Scientists like to think that they are objective and unbiased, driven by hard facts and evidence-based inquiry. They are proud of saying that they only go wherever the evidence leads them. So it might come as a surprise to realize that not only are scientists as biased as non-scientists, but that they are often driven as much by belief as are non-scientists. In fact they are driven by more than belief: they are driven by faith. Science. Belief. Faith. Seeing these words in a sentence alone might make most scientists bristle and want to throw something at the wall or at the writer of this piece. Surely you aren’t painting us with the same brush that you might those who profess religious faith, they might say?
On the playground in the park today, my daughter and I played with some carpenter ants and the aphids they were farming. The phenomenon never ceases to fascinate me - the aphids being sheltered from natural predators under leaves and sap-rich areas of trees by the ants; the ants milking the aphids for their tasty, sugary honeydew in turn by gently stroking them.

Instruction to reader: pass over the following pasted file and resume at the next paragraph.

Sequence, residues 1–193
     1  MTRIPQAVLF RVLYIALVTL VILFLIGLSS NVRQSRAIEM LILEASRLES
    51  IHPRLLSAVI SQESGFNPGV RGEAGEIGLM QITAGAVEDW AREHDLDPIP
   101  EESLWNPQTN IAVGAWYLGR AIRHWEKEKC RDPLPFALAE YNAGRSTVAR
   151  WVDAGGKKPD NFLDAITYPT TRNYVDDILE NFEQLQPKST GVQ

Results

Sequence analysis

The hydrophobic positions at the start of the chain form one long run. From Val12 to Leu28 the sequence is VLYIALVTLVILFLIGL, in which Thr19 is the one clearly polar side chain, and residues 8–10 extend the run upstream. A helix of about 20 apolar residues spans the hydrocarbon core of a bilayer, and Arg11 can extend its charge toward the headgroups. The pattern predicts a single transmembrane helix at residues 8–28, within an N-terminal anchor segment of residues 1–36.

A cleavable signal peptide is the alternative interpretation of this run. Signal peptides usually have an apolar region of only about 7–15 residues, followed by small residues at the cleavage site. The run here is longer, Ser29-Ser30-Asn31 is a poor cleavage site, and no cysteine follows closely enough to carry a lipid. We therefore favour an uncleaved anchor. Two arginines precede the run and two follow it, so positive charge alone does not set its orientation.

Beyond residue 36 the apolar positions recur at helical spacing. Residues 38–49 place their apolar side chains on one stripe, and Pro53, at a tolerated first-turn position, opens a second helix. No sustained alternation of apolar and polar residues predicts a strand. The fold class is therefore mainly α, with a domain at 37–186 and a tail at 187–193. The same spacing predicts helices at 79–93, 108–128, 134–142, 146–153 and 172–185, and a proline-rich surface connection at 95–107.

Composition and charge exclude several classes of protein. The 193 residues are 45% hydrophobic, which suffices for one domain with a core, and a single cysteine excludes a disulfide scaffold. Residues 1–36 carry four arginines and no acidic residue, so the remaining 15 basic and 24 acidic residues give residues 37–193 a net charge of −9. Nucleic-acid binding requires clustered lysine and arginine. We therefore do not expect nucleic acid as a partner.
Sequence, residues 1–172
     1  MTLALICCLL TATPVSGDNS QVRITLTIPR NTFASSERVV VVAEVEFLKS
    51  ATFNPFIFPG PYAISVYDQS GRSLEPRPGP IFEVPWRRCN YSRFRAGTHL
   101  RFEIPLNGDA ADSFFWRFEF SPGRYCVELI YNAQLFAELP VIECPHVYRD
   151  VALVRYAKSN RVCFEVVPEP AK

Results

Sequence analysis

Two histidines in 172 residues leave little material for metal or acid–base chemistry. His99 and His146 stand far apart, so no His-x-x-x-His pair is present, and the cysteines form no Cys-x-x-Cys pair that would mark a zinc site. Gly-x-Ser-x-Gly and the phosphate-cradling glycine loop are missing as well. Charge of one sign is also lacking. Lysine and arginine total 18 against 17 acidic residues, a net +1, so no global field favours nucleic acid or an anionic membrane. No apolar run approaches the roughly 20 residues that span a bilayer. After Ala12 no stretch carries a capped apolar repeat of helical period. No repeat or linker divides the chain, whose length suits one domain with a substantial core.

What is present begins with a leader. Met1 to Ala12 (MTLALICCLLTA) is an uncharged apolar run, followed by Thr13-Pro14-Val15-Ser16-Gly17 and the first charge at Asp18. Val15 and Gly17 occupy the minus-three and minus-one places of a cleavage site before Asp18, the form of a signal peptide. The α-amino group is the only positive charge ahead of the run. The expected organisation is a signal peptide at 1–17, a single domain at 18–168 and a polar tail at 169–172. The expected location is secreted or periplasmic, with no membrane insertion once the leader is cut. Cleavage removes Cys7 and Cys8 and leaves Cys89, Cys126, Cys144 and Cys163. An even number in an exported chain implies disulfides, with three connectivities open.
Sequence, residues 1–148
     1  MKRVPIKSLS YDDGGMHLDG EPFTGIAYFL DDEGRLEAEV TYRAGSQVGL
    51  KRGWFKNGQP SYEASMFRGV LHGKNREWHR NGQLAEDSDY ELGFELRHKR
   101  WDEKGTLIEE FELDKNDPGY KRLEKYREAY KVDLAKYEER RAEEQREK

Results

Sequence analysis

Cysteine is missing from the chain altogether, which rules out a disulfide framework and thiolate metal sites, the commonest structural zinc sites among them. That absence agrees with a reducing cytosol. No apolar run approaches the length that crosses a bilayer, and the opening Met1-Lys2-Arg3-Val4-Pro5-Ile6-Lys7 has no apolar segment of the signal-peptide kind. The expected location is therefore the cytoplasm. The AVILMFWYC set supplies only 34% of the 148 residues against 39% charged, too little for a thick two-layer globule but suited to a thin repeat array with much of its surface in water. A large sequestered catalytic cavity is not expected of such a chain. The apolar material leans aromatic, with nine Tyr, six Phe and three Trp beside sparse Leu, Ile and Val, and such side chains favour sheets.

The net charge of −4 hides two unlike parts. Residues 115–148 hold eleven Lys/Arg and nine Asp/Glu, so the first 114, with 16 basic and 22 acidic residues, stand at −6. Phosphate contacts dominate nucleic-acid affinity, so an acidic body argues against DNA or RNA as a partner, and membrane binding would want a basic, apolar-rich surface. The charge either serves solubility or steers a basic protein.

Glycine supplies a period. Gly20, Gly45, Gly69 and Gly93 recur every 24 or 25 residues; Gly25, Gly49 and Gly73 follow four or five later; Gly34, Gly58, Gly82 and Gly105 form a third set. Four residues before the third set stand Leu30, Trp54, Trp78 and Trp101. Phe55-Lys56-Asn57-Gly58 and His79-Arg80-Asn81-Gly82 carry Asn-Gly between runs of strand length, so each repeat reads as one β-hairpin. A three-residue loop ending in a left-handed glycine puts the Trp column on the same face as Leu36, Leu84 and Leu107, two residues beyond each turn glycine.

It's doubly fascinating because as recounted in George Dyson's "Darwin Among the Machines", in his groundbreaking 1872 book "Erewhon", Victorian writer and polymath Samuel Butler wondered whether human relationships with machines will one day become very similar to those between ants and aphids, with humans essentially becoming dependent on machines to provide them with constant, nurturing stimulation and feeding: "May not man himself become a sort of parasite upon the machines? An affectionate machine-tickling aphid?", wrote Butler.
In this scenario, there's no need to imagine a Terminator-style takeover of human society by computers; instead, humans will willingly give themselves over to the illusions of tender, loving care provided by machines, becoming permanently dependent and parasitic on them and becoming, in effect, code's way to replicate itself. Clearly, Butler's vision was incredibly prescient and ahead of its time, and resoundingly true as indicated by the medium in which I am typing these words.